Great read! I’ve been apart of too many projects where I was just told “Here’s the mock up, make it happen” and they didn’t want any input from the Front-End. Which just resulted in much more back-n-forth on why certain things shouldn’t be handled as the PSD proclaimed.
Totally right, and I think the ball is in our hands at this point.
I recently attended CSS Conf EU and Harry Roberts mentioned in his talk (Now posted on JSConf Youtube channel) that “Front end development is much more than replicating pixels from a PSD”, and goes about enhancing communication between the two.
I’m lucky to be in a place where we have this conversation for every project, and it sure is a great way to work faster and deliver better quality products.
PS: “I make websites” has been my website homepage title for years 🙂
HTML and CSS are totally design! This is what I’ve always believed. I have been asked by mangers if I what to continue developing or design. I was confused by this because I was never a developer just a good designer who can write html and css and love doing it.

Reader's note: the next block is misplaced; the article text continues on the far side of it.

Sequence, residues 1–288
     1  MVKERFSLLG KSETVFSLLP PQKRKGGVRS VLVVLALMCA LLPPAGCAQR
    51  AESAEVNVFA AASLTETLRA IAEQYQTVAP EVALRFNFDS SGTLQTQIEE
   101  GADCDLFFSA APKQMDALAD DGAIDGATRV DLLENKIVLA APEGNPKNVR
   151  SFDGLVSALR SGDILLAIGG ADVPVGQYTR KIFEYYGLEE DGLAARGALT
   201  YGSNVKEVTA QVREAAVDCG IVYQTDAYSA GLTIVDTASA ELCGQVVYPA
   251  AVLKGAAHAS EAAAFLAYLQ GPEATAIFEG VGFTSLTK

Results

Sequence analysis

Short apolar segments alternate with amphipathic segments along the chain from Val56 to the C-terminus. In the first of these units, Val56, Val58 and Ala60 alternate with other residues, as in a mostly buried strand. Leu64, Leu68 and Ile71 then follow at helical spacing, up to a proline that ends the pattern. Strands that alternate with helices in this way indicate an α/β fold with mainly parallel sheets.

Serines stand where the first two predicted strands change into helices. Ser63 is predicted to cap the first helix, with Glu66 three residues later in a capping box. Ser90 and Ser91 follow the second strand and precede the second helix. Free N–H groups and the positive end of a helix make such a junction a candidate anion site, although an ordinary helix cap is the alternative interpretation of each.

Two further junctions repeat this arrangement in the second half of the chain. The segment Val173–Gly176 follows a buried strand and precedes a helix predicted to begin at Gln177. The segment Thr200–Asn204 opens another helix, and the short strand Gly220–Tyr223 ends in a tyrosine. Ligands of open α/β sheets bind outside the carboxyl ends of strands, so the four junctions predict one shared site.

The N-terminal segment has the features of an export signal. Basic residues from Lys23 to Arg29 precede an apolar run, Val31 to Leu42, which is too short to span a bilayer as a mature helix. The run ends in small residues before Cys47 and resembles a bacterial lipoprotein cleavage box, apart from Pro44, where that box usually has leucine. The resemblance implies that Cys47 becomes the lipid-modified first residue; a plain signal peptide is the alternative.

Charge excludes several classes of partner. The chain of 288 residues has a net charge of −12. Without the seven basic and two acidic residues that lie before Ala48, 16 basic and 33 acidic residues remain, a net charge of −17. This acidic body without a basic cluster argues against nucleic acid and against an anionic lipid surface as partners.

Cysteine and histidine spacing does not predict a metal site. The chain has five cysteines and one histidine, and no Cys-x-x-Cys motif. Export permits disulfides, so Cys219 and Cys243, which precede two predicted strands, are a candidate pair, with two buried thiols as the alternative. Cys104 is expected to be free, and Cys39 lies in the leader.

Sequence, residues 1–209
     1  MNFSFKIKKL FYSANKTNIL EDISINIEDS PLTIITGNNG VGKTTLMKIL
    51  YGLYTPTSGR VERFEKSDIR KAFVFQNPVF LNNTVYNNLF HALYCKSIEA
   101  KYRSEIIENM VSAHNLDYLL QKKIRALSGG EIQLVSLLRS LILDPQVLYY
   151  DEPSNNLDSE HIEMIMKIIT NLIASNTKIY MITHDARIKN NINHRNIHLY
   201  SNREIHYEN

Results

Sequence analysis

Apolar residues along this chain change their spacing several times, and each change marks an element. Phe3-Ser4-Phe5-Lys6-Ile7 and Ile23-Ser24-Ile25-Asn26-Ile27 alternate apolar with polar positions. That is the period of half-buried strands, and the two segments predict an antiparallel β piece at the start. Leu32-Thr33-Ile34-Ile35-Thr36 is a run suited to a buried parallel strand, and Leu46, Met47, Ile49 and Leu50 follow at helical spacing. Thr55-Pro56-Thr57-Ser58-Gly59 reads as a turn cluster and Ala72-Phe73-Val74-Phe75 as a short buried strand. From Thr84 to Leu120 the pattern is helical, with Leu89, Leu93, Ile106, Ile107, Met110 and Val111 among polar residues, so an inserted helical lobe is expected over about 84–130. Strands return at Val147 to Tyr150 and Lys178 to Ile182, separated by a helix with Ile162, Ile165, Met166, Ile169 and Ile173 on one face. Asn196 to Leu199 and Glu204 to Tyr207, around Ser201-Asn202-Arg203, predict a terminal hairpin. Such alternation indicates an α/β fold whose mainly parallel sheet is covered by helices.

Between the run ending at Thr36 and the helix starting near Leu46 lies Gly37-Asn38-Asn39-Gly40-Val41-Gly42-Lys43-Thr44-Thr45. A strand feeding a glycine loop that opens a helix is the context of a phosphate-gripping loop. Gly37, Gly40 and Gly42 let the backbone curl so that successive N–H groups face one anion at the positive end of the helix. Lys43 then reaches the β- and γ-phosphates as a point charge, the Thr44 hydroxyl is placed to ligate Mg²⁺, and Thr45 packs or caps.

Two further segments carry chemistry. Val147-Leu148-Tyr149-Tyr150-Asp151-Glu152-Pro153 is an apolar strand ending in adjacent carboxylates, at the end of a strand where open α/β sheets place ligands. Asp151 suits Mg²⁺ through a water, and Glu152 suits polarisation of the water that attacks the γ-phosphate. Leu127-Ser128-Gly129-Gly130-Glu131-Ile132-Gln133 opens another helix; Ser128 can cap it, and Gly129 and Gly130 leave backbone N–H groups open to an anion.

As someone who has been to school for design, and works at a software development consulting company, I have found myself pulled back and forth across the designer-developer line many times. I have a difficult time labeling myself as either, but I am always being pushed into doing so.
I have found the most success on projects when both the design and front end development are taken into account from the very beginning.
The biggest failures I have found in projects are those in which the designers and developers do not talk and just throw things over the wall at each other. Things can get very messy in a hurry, and it never ceases to amaze me how badly written front-end is so often overlooked. The biggest failures I’ve seen usually involve what Jason Steele called out in his Lean Prototyping talk @ UXPA Boston: “Developer Disconnect (major mis-understanding of how a design should work)” and “Art (is a design that cannot be built)” Both are products of poor planning and a lack of communication.